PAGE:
The Art of Multi-Tasking
If it seems like there is less time to get things done, you’re not alone. There always seems to be laundry piling up, bills to be paid, phone calls to make. So why is it that some people can get through the day, while you are floundering, barely able to keep your head above water? Aside from the fact that those people are possibly more organized than you, they may have learned the art of multi-tasking. That is, the ability to do two things at once.
Okay, you say, that’s all well and fine, but if you try to do too much at once, you lose concentration, and mess up, thus defeating the purpose. You’re right. Doing too much at once can cause more problems than the ones you are trying to solve. So you must learn to multi-task correctly. Here are some tips that will help guide you.
- Map out your locations—At the beginning of the week, look at
where you need to go, and how to get there. If some businesses
or errands are located near each other, or on the way to or from
a meeting, do your errands accordingly. The less times you have
to go out, the more time you will have to yourself.
- Share with a friend or neighbor—Does your neighbor have to
go to the cleaners or library also? Swap locations with them,
perhaps even on a regular basis. If you find yourself always
passing the post office, but have to go out of your way to the
Pet Store, see if someone you know goes in that direction and
can help you out. Make sure you offer an errand in return.
- Use children’s schedules to your advantage—Does it seem you
are spending too much time sitting at practices, or waiting in
the pediatrician’s office? You can use this time to your
advantage. Take mail or magazines with you to catch up on your
reading. Or grab that handy bill-paying tote, and write out
checks while you wait. Also, if you spend too much time driving
back and forth, consider carpooling or staying at the practices
or park district classes. Always have a small notebook and pen
in your purse or car. You can use extra time to jot down lists
for shopping or tomorrow’s errands.
- Use driving time wisely—Although it is not safe to do too much of anything else while driving, there are a few things which can be done if caution is taken. For example, put in an audio tape of a book you’ve been meaning to read. Or make that quick call (hands free of course) to your sister about the upcoming menu for the barbecue she’s hosting. Keep a small tape recorder in the glove compartment to dictate notes to yourself. Just remember that driving is your priority.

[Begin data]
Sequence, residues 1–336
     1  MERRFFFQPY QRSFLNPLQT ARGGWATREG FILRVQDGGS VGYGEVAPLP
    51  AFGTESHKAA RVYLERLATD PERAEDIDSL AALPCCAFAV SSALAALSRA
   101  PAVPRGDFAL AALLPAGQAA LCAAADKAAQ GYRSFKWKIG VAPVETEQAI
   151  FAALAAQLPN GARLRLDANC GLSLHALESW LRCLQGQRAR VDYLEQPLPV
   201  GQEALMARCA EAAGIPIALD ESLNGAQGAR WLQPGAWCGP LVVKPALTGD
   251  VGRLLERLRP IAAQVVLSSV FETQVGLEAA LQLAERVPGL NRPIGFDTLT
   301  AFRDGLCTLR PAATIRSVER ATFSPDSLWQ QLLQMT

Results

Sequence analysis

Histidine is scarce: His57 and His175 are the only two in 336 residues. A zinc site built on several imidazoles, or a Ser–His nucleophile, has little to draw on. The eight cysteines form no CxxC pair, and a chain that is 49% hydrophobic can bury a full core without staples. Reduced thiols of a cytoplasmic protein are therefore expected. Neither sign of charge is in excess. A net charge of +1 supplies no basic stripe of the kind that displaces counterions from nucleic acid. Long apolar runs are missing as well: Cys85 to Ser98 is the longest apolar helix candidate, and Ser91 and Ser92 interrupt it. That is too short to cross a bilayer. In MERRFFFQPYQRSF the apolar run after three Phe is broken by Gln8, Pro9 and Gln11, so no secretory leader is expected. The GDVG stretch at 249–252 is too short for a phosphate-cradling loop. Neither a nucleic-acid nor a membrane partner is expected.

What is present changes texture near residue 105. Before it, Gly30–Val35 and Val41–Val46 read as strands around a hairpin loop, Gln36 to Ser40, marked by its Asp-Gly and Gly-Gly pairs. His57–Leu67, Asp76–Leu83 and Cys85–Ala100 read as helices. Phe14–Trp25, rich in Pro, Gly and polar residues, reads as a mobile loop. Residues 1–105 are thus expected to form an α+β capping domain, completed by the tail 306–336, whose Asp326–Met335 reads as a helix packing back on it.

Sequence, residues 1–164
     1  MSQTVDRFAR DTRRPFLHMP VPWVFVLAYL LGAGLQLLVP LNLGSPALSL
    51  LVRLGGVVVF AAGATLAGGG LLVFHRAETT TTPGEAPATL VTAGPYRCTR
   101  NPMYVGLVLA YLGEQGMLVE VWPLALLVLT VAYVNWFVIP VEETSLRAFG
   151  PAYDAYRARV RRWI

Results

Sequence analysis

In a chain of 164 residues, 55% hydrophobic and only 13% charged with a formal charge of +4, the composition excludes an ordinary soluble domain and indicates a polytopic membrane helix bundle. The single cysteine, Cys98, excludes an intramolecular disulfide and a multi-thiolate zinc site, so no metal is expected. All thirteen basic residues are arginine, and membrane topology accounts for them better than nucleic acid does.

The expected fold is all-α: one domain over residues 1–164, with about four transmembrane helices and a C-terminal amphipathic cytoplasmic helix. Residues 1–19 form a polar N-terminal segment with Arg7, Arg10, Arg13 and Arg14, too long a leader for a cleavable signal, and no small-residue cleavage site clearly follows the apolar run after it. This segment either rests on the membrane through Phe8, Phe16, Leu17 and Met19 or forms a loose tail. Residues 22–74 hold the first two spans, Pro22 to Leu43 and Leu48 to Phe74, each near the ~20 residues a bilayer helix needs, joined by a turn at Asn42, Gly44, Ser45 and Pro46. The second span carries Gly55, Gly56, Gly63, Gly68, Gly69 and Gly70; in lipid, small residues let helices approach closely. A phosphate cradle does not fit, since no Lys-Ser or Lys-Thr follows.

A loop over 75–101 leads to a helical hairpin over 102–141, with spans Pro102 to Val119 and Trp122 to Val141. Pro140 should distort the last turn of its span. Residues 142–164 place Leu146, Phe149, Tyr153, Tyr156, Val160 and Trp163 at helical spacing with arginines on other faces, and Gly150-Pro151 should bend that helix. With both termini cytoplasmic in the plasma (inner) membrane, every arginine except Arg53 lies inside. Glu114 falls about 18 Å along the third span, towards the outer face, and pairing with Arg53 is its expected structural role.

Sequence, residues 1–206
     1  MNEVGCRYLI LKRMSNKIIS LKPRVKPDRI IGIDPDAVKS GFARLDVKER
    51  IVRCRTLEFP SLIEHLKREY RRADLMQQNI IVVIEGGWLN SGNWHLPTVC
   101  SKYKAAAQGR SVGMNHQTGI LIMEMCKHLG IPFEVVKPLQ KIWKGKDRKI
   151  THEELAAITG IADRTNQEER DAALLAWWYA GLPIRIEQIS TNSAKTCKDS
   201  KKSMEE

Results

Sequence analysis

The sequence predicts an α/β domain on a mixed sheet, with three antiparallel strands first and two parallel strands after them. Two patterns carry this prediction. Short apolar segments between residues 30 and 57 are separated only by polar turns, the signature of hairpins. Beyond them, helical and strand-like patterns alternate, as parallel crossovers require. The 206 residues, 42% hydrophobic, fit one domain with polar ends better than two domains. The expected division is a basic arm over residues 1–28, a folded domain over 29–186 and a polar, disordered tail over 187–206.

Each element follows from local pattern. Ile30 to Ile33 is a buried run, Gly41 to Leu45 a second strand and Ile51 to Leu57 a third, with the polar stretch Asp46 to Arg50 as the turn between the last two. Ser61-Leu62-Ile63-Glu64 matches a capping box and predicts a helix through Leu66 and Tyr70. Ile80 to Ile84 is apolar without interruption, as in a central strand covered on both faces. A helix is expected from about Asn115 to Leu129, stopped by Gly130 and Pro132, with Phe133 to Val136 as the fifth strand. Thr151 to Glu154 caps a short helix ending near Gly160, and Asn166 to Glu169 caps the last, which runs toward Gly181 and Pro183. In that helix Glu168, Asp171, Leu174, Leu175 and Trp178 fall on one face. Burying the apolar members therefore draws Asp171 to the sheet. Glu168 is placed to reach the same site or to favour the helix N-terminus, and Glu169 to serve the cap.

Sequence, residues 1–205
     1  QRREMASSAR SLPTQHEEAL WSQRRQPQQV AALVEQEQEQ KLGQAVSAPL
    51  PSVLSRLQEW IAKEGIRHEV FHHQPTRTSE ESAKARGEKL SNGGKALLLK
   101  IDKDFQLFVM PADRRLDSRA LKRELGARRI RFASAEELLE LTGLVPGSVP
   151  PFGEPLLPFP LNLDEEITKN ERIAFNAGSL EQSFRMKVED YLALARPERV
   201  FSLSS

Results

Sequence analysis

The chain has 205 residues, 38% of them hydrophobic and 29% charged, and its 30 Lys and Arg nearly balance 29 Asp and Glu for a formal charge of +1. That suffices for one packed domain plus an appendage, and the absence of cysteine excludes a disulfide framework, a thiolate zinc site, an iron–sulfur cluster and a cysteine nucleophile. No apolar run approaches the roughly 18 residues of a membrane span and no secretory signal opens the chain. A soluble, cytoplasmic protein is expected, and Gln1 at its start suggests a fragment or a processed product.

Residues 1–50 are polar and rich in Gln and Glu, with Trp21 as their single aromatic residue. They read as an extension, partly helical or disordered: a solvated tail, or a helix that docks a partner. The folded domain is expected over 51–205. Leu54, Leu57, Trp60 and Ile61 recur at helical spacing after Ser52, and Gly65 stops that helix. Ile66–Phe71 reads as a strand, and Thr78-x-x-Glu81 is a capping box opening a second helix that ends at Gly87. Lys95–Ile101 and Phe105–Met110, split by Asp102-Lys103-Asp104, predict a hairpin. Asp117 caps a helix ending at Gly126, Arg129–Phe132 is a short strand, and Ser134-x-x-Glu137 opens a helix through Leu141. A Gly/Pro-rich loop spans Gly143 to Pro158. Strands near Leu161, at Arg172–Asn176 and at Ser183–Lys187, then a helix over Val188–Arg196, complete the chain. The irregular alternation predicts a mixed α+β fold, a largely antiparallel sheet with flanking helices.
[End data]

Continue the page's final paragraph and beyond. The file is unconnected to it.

- Invest in a hands-free accessory for your phone—So much can be done while on the phone, especially if it is a social call. Your free hands can be washing dishes, clipping coupons, or brushing the dog. And the accessory will also be easier on your neck. Just remember not to do anything which may be inconsiderate, such as loud background noises (vacuuming), eating, or concentrating so hard on the second task that you don’t pay attention to the caller. Also, I do not advise doing this while on a business call. You need to focus while conducting business. Give the caller your full attention.
- The television is your friend—We all have our favorite
programs we like to watch. You may tape them to watch them at
your convenience, or sit down to watch them while they are on.
Either way, use the time to do something else. Fold the laundry,
pay bills, or clip articles and recipes from magazines.
Television may be your down time, but if there is something that
can be done, go ahead and do it.
- Technology is your friend—This can be any form of electronics, from the computer to a CD player. Put on those headphones while vacuuming, and listen to a taped lecture or audio book. Do a search for that new medication on your computer while stirring the pasta for dinner. Download photos from your digital camera while washing dishes. There is always some quick little task that can be done while waiting for the computer to turn on or download a page.
MANAGING THE FAMILY
- Get children on the same schedule—While it is impossible to
get everyone in the household on the exact same schedule with
all the work, school and extra-curricular activities, get as
many as you can together. Have the younger ones nap at the same
time. If your daughter has to eat early because of soccer
practice, have dinner ready early for everyone. If your son
needs his baseball uniform washed, throw in other laundry at the
same time. If you are making lunches for your children in the
evenings, throw something together for yourself and your husband
also. That will mean less trips to the fridge, and all the lunch
bags will be ready to grab in the morning.
- Get cooperation from others—You can’t do this alone. Even children as young as five can learn do help out around the house. For example, if you’re gathering up laundry while talking on the phone, have your little ones go around the house looking for random socks under the sofas and beds. If you are clipping coupons, have your older children sort them into piles according to food groups. If you are vacuuming, have your son help move the furniture for you. If your husband needs his suit cleaned for a business trip, give him those sleeping bags to take along for laundering also. Instill in your family that the more they help you out, the more free time you will have with them as a result.
So the next time you pick up the car keys, grab the checkbook, or start filling the laundry basket, ask yourself if there is something else you can be doing at the same time. Just use caution in trying to do too much at once, or not being able to focus enough to do things well.
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